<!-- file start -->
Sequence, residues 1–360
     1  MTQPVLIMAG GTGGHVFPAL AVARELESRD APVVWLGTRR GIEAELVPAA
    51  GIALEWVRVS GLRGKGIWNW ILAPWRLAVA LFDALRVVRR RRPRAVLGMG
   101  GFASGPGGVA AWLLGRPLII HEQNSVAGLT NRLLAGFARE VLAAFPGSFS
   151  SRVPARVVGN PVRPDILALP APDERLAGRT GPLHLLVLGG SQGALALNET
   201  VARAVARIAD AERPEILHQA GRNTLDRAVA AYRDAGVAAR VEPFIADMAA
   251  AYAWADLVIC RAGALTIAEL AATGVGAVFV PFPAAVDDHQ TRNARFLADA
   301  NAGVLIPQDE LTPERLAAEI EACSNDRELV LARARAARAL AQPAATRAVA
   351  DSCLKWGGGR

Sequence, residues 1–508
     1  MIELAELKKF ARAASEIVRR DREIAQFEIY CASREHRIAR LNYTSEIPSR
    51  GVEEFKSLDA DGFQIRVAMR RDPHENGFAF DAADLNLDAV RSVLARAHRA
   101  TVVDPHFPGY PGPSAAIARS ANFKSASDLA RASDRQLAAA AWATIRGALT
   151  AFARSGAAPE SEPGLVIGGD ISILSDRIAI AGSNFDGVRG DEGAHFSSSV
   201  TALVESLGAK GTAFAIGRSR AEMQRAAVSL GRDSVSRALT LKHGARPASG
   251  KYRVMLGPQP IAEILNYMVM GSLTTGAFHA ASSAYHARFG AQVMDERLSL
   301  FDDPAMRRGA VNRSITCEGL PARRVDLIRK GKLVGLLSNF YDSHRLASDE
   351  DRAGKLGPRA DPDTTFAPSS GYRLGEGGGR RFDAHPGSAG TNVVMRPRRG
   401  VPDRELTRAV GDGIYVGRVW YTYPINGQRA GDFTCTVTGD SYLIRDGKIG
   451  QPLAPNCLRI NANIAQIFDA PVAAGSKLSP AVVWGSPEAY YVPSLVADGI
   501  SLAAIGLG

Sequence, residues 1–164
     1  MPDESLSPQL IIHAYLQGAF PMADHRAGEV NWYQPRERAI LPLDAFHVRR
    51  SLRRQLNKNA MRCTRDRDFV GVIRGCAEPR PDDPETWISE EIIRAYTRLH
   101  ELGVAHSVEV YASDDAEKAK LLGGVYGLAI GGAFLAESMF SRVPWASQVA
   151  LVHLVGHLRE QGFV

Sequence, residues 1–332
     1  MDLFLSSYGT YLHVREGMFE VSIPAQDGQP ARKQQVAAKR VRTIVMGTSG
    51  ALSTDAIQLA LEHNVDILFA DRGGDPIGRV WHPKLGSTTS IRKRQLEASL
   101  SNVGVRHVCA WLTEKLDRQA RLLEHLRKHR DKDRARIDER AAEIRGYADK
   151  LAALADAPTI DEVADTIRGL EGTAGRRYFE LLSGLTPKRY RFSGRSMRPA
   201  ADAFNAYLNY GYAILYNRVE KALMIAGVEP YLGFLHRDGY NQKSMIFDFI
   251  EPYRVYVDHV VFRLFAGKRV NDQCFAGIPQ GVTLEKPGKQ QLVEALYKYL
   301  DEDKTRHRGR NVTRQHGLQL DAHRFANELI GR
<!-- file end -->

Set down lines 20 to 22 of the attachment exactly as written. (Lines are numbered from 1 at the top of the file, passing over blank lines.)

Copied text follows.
   451  QPLAPNCLRI NANIAQIFDA PVAAGSKLSP AVVWGSPEAY YVPSLVADGI
   501  SLAAIGLG

Sequence, residues 1–164